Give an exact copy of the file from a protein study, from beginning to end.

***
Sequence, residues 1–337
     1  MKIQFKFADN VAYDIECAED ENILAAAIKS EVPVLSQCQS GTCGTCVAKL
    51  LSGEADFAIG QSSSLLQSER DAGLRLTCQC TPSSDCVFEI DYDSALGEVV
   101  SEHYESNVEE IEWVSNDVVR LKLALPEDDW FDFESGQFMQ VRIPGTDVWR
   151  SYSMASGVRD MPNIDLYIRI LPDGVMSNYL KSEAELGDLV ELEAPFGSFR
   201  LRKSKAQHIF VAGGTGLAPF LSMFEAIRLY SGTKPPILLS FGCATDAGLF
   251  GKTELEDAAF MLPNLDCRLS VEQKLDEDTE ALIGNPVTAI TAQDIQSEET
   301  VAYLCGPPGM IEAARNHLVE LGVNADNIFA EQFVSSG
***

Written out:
Sequence, residues 1–337
     1  MKIQFKFADN VAYDIECAED ENILAAAIKS EVPVLSQCQS GTCGTCVAKL
    51  LSGEADFAIG QSSSLLQSER DAGLRLTCQC TPSSDCVFEI DYDSALGEVV
   101  SEHYESNVEE IEWVSNDVVR LKLALPEDDW FDFESGQFMQ VRIPGTDVWR
   151  SYSMASGVRD MPNIDLYIRI LPDGVMSNYL KSEAELGDLV ELEAPFGSFR
   201  LRKSKAQHIF VAGGTGLAPF LSMFEAIRLY SGTKPPILLS FGCATDAGLF
   251  GKTELEDAAF MLPNLDCRLS VEQKLDEDTE ALIGNPVTAI TAQDIQSEET
   301  VAYLCGPPGM IEAARNHLVE LGVNADNIFA EQFVSSG